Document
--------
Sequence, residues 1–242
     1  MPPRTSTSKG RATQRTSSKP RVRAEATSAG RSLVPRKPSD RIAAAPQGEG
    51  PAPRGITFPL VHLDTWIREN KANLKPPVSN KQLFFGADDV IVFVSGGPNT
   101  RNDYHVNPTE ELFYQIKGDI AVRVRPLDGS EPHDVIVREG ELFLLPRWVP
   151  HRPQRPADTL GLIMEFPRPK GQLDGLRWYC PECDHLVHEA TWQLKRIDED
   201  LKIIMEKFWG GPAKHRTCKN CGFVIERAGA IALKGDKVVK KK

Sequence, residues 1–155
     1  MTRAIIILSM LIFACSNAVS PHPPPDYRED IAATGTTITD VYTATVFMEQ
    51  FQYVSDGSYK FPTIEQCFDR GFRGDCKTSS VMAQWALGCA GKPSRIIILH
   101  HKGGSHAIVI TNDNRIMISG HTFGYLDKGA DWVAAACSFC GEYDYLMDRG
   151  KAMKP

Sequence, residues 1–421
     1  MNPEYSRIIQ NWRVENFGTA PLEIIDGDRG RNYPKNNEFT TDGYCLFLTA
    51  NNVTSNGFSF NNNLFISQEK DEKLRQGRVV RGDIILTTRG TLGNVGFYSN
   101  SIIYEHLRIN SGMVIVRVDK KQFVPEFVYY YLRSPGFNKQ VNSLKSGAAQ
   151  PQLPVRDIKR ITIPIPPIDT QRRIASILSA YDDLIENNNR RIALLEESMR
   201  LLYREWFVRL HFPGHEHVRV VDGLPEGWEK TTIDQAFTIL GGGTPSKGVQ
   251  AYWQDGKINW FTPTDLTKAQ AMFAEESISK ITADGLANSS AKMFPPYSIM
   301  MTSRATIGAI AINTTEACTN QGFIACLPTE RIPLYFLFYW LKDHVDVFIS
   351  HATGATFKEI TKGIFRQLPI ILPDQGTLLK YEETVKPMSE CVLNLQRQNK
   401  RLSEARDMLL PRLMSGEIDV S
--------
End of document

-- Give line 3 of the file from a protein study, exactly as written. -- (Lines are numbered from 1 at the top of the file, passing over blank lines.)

    51  PAPRGITFPL VHLDTWIREN KANLKPPVSN KQLFFGADDV IVFVSGGPNT